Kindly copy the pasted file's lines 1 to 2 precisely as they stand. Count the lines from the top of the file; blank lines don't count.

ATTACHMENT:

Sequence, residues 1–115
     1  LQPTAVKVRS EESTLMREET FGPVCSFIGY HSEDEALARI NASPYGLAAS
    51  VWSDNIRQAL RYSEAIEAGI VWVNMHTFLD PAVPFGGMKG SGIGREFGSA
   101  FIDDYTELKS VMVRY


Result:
Sequence, residues 1–115
     1  LQPTAVKVRS EESTLMREET FGPVCSFIGY HSEDEALARI NASPYGLAAS